First, I would like to thank you for your commitment to making Memorial Day Weekend a welcoming event for the traditionally African-American visitors, as well as all other groups, who choose to visit Miami Beach that weekend. As you well know, the Miami-Dade Branch of the NAACP has been working with other organizations and with the City itself for years to achieve fair and equitable treatment of all visitors to Miami Beach that weekend so that everyone may enjoy the public accommodations of your City.
We recently held the “Unity in the Community” event to address the relationship between residents of Miami Beach and traditional Memorial Day Weekend visitors. In my opinion, this discussion was successful and a much needed one that should be continued. Residents were candid about their concerns and the panelist provided great perspectives regarding the issues. I must say that during this discussion not one resident stated the need to arrest visitors for quality of life infractions.
This brings me to the point of this letter. Recent actions by the Miami Beach Commission and statements to local media from Chief Oates and Deputy Chief Clements have raised serious concerns. For example, the Miami Herald reported: “’The goal is to increase public safety by continuing to enforce laws,’ said Miami Beach Police Deputy Chief Rick Clements. MBPD will be enforcing Miami-Dade County Ordinance SEC. 21-28, which cites unreasonably loud, excessive, unnecessary, or unusual noise. Violation of this ordinance, if not promptly remedied, may result in an arrest.” The “may result in an arrest” is what we take issue with. Our position is that that arrest should be reserved for actual crimes and violations. While we respect your need to address your constituents’ concern with quality of life issues, we strongly request that you also adhere to NAACP’s precept — to ensure that the civil rights of Black, Brown, as well as all other visitors, are respected as well.
The NAACP is concerned that the City of Miami Beach appears to be promoting an enforcement policy that can lead to more arrests of visitors during Memorial Day Weekend. This initiative runs counter to the efforts that the NAACP and the Miami Beach Memorial Day Blue Ribbon.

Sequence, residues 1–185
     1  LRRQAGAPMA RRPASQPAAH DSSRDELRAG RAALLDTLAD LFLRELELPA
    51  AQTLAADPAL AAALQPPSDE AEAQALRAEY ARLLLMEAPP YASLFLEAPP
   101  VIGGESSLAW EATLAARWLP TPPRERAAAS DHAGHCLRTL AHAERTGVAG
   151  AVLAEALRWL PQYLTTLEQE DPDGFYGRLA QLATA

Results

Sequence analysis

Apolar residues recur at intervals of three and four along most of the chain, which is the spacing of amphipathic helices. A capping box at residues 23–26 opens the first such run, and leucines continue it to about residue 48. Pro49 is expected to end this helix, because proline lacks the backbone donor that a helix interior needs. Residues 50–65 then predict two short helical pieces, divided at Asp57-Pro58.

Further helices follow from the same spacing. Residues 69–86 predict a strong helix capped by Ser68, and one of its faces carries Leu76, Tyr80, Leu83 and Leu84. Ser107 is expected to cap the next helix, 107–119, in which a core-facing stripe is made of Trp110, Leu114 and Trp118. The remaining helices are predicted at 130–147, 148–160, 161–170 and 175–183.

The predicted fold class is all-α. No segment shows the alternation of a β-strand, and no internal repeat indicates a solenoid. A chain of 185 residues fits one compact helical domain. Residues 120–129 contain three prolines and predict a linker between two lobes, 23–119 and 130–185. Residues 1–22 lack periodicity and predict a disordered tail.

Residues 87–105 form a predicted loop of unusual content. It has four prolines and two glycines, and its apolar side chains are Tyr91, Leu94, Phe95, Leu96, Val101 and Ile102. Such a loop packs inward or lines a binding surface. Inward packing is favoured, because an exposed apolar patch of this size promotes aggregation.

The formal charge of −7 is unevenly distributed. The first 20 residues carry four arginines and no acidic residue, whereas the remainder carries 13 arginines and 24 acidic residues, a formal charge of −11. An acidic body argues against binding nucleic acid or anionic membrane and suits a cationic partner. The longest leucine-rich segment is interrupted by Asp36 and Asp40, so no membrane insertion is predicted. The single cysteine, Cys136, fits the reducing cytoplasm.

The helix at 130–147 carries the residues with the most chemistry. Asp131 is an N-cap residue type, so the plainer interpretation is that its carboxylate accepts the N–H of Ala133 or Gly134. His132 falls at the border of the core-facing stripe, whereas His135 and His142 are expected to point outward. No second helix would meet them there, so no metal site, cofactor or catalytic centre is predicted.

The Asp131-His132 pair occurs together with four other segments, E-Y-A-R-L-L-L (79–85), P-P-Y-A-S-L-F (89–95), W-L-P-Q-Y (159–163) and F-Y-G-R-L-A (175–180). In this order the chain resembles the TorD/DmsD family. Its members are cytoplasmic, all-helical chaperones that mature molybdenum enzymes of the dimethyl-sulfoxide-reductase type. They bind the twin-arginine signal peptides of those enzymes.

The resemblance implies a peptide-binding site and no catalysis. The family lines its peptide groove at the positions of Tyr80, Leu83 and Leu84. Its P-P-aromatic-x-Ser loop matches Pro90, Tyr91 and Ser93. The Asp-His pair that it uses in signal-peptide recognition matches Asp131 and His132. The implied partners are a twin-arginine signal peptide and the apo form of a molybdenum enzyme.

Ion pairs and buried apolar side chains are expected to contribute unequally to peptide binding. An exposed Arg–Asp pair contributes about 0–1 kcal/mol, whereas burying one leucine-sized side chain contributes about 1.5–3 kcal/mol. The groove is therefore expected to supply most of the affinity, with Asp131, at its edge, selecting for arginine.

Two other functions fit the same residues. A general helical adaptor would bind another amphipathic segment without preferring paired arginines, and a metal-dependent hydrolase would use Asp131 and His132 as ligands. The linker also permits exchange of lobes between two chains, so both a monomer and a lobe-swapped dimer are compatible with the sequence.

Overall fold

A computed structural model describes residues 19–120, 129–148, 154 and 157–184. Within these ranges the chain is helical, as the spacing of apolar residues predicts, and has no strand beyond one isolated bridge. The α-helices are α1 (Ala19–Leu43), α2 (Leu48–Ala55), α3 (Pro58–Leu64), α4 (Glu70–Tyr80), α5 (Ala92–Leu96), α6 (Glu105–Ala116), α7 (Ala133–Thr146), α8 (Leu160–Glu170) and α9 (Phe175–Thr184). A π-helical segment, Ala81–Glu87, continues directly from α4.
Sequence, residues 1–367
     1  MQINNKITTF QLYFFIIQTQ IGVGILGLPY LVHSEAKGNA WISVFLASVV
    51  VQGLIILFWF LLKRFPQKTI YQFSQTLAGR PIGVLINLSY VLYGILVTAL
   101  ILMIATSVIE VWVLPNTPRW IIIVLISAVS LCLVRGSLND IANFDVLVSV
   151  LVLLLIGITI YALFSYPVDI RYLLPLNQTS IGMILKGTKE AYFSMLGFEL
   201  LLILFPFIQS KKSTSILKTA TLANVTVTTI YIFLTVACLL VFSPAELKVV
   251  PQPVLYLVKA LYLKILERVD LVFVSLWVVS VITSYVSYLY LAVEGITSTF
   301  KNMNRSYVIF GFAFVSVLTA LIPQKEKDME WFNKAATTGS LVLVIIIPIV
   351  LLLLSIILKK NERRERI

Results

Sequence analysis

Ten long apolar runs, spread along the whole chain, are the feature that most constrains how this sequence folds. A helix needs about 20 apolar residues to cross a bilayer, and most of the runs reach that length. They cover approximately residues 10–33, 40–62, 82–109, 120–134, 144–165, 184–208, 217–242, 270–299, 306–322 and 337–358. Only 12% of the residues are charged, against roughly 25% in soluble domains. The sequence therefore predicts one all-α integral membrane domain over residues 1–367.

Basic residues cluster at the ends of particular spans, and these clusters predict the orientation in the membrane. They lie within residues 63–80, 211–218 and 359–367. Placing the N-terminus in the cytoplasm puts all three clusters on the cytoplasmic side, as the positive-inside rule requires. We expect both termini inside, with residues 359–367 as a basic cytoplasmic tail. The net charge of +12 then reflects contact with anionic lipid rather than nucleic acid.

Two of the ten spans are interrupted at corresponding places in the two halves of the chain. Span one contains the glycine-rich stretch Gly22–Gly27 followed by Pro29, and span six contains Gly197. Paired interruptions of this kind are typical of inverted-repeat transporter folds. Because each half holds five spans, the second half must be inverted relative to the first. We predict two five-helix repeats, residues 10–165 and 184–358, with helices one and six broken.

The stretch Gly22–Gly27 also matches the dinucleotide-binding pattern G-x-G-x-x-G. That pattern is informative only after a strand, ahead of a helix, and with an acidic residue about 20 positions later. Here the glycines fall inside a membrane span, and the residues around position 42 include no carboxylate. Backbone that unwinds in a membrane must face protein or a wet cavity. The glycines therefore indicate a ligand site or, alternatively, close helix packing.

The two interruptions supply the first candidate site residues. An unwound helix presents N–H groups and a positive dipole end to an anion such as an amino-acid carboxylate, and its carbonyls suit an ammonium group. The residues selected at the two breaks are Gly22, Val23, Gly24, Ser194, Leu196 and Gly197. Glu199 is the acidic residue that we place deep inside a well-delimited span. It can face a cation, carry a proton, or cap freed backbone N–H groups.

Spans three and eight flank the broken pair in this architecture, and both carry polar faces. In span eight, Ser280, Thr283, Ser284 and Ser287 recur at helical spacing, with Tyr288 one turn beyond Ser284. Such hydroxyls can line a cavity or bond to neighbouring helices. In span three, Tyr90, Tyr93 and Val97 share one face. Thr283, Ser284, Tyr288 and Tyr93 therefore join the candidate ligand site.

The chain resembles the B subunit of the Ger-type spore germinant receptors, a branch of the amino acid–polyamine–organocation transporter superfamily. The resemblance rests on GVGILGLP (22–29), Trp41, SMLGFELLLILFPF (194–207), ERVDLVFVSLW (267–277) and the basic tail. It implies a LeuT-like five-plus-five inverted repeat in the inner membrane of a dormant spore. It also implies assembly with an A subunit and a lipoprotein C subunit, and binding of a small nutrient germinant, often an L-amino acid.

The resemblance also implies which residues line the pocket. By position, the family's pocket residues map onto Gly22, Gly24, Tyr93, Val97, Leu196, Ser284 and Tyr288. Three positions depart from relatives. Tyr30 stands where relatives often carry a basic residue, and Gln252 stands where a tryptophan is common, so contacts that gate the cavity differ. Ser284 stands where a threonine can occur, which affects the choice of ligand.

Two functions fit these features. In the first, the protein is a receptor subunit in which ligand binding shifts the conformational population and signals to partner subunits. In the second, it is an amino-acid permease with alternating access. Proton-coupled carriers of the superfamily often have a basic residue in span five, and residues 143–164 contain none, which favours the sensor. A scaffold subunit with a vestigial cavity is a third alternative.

Committee have been working so arduously to achieve — to be “Welcoming to All”. We understand that a concern has been expressed about unreasonable noise and that some residents have urged more proactive law enforcement in addressing this particular issue. However, we do not believe the proposed policy of issuing a warning and subsequent arrest is the best way to address this issue. As you know, in light of the history of Miami Beach, large numbers of arrests are not a deterrent. You cannot arrest your concerns away. Indeed, if residents are asking for noise reduction, arrests should not be the metric by which success is measured; a reduced number of complaints should be that measure. Chief Oates instituted enforcement of the new ordinance during the last week of April, but at that time the police gave out only warnings. The outcome of this effort according to Chief Oates and other city officials was successful based on giving warnings alone. The NAACP strongly recommends that you follow the same approach going forward to achieve compliance with the noise ordinance.
As you may be aware, there is already a strong feeling in Miami-Dade’s African-American community that Black visitors to Miami Beach are held to a tougher standard and treated more harshly than others. The implementation of specialized and unique law enforcement rules for this particular holiday weekend, supports the belief that the City of Miami Beach is hostile and unwelcoming to African-American visitors. Moreover, an arrest can have longtime negative impacts on an individual no matter how minor the offense.
Below is a list of our recommendations to address the concerns of all of your constituents — both residents and visitors — who all contribute immensely to the City of Miami Beach’s’ economy.
Our requests are as follows:
We strongly request that you employ an approach of issuing at least two warnings and then citing violators who do not comply with the initial warnings. This approach would benefit both visitors and residents of Miami Beach. We know that you are currently utilizing the Miami Dade County Ordinance SEC. 21-28 which does not allow for citations; therefore, we recommend that you adopt your own City of Miami Beach noise ordinance to address this issue.
We ask that you use measurable standards for determining excess noise, to be applied equally whether outside of a club or outside of a car. Furthermore, the same standards must then be applied on subsequent holiday weekends after Memorial Day Weekend.
We ask that the police use an explanatory approach in their contacts with vehicle occupants, addressing the need to be considerate of others, such as residents, living in the area.
Finally, we request that you set a goal of reduced noise rather than increased arrests. Effective education the first night should reduce noise thereafter.
President of the Miami Dade Branch of the NAACP